Numerous studies indicate that several drugs and particularly arsenic compounds, may stimulate antibody production and that their curative effect in the treatment of disease and particularly syphilis and experimental trypanosomiasis, may be ascribed to this influence upon antibody production in addition to their direct parasiticidal influence.
In our experiments, the intravenous administration of arsphenamine to normal rabbits in doses varying from 0.01 gram to 0.004 gram per kilogram of body weight (equivalent to 0.6 to 0.24 gram per 60 kilos), did not result in an increased output of immune hemolysin to sheep cells, but rather suppressed hemolysin production; smaller doses did not appear to retard hemolysin production to sheep's and human cells but likewise they did not result in an increase. The smaller doses, however, generally produced a slight increase of agglutinin for sheep's and human cells.
Similar results were observed with mercuric chloride; large doses appeared to suppress hemolysin and agglutinin production while smaller doses tended to increase the production of hemagglutinins but not that of the hemolysins.
A single large dose of arsphenamine (0.06 gram per kilo) administered intravenously to rabbits reduced the hemolytic activity of their sera within a period of twenty-four hours after injection, probably by an influence upon the hemolytic complement; the administration of a smaller dose (0.6 gram) to syphilitic persons as part of the treatment of their infection, was found generally to produce a depression in the hemolytic activity of the serum as tested one hour after injection followed by a general increase within eighteen hours.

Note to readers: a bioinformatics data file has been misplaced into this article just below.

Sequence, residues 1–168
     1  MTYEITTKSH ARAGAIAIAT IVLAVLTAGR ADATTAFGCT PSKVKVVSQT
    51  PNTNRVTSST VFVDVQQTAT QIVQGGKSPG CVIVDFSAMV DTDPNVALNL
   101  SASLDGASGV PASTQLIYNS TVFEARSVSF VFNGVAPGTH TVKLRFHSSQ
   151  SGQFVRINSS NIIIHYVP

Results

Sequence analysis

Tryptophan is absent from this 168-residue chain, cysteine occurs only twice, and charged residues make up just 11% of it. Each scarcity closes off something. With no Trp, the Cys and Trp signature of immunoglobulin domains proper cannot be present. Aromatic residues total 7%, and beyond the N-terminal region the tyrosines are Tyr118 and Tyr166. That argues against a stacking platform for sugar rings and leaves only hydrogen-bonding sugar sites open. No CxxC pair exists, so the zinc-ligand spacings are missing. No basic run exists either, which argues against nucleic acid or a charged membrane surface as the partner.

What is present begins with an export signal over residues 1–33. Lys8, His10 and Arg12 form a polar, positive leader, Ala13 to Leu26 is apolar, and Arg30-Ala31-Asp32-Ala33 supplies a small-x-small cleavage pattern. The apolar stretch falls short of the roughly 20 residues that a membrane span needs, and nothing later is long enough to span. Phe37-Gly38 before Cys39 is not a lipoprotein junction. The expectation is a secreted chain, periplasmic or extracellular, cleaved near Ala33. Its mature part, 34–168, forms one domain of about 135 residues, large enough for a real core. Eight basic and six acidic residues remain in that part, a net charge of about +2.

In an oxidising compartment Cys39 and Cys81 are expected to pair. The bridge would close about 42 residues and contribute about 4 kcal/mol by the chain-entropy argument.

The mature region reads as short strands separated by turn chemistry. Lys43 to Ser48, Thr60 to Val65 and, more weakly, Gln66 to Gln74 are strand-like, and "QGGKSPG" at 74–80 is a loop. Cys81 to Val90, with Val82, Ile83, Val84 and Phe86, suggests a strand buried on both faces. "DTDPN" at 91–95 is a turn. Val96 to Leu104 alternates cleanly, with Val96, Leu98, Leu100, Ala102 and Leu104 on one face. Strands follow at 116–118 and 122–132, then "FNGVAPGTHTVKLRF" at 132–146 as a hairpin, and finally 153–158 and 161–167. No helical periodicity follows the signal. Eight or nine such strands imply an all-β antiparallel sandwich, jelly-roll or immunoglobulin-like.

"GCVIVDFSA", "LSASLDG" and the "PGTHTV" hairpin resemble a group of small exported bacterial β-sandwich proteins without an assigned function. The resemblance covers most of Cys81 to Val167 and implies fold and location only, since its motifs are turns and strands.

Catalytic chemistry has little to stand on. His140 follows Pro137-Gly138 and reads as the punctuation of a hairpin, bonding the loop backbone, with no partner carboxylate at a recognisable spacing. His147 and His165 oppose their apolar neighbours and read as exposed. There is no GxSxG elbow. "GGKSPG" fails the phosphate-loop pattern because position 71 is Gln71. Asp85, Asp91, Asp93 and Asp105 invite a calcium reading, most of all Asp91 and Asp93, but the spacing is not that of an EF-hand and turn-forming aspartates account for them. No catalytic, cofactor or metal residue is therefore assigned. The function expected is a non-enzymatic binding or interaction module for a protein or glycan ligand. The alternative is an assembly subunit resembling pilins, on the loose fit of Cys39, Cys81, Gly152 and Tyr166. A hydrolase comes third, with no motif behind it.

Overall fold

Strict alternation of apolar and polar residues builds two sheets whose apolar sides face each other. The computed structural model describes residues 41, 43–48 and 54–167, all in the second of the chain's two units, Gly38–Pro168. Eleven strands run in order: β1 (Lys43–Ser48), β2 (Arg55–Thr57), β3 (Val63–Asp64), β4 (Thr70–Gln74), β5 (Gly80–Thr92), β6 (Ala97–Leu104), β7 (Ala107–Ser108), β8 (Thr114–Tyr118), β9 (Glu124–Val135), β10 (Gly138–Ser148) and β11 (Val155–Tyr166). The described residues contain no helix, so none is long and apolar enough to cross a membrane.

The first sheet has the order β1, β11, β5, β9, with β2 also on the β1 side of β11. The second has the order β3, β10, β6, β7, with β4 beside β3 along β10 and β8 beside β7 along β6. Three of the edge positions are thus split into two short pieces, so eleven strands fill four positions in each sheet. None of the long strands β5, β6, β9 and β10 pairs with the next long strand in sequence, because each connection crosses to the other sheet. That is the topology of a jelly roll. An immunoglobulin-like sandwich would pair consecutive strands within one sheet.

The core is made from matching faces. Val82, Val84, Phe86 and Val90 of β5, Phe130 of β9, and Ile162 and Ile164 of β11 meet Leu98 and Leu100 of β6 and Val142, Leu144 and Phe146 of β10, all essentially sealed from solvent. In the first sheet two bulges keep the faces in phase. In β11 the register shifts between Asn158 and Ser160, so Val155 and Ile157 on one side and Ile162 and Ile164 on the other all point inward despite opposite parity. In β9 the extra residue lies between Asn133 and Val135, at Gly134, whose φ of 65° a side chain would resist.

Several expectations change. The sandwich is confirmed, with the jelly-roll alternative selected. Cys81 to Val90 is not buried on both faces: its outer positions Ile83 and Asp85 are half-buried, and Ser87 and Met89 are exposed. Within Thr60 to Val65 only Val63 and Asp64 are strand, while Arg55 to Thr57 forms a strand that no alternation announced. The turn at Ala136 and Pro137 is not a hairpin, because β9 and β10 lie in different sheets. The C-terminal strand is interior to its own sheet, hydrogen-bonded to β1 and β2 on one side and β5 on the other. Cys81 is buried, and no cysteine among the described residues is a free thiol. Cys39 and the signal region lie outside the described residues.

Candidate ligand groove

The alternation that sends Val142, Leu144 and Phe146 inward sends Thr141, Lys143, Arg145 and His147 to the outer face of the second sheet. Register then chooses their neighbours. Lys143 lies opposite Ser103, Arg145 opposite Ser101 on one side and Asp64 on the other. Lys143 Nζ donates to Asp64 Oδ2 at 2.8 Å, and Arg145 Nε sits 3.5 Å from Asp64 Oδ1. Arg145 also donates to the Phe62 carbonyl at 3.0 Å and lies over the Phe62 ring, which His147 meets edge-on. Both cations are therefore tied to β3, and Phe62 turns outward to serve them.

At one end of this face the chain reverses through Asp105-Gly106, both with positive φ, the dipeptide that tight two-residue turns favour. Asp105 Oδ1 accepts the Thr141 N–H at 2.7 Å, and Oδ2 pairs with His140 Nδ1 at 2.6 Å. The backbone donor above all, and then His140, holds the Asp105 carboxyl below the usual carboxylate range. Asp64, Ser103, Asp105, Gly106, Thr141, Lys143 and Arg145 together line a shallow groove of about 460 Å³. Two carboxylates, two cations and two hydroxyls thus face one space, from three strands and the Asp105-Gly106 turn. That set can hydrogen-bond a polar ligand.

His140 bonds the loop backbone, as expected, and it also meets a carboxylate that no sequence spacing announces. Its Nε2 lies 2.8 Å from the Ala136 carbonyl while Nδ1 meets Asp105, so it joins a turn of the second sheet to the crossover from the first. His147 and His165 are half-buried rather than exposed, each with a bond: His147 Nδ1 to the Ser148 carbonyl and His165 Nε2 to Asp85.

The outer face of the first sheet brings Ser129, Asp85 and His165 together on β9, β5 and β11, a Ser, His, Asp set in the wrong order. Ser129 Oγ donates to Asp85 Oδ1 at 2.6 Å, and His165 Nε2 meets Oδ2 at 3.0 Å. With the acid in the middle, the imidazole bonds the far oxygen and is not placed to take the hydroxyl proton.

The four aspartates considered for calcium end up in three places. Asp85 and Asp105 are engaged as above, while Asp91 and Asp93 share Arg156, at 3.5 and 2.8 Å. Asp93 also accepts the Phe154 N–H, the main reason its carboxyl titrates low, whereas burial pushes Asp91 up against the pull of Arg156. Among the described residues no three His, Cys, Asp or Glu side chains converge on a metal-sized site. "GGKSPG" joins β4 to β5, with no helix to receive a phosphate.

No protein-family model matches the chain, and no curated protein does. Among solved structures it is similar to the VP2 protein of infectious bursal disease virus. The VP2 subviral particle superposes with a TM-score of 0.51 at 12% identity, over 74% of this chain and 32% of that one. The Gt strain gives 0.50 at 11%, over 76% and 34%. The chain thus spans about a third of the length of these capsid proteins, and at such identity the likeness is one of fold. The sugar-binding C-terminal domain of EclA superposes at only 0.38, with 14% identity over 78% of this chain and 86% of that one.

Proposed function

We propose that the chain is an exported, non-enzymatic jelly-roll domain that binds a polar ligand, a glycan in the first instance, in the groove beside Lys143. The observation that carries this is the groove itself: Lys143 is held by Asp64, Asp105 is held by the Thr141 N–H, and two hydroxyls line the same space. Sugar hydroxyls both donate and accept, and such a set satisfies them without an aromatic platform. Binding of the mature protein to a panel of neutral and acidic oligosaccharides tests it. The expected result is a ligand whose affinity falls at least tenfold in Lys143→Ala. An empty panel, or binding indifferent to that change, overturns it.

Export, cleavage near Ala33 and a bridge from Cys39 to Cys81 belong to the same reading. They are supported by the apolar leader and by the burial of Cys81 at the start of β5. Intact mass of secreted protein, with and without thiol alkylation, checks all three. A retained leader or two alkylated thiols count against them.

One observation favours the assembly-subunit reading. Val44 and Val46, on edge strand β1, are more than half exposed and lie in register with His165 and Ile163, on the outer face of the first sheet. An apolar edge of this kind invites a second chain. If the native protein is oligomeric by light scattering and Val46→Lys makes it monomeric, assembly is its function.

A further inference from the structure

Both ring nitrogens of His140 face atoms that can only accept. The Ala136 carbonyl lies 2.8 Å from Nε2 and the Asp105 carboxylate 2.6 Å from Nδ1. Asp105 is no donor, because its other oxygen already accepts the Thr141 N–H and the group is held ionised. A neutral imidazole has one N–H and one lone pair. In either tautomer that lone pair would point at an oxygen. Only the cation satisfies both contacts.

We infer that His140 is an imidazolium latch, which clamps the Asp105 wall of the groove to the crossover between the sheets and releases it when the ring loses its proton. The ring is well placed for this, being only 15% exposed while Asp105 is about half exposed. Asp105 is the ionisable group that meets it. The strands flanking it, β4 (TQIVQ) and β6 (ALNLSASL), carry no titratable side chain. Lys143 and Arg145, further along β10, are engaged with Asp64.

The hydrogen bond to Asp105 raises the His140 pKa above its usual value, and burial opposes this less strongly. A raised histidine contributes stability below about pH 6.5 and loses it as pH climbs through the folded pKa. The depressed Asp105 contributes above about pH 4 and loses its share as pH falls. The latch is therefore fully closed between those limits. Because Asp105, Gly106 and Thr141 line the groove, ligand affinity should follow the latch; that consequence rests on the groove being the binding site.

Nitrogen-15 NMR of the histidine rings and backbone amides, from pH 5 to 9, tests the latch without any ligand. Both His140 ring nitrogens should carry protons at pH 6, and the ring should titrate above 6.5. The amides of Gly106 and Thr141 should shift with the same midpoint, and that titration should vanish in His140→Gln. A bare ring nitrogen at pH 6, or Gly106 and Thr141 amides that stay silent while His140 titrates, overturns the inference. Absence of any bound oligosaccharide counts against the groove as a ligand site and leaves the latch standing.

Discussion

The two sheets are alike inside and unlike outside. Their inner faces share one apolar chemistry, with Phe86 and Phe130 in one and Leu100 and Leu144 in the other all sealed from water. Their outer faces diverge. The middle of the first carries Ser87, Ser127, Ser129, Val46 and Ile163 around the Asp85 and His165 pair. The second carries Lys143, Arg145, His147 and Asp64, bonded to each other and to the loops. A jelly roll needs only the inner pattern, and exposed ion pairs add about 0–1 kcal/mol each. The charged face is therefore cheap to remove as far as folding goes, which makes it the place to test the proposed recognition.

Large doses of arsphenamine and mercuric chlorid to rabbits tended to limit agglutinin production for typhoid bacilli; single doses of arsphenamine (0.6 gram) in adults did not influence the amount of normal typhoid agglutinin in their sera.
The general result of these experiments indicates that while massive doses of arsphenamine and mercuric chlorid tend to suppress antibody production and cause a decrease in hemolytic complement, smaller doses tend to increase the production of antibody (agglutinins) and augment the complement content after a primary decrease. It is probable that both drugs administered in the treatment of syphilis, owe part of their therapeutic efficacy to their influence upon increasing antibody production and complement.3
An exception to this general statement is the influence of both drugs upon the syphilis antibody or reagin concerned in the Wassermann reaction which tends to decrease during active treatment; the reagin however, may not belong to the category of antibodies.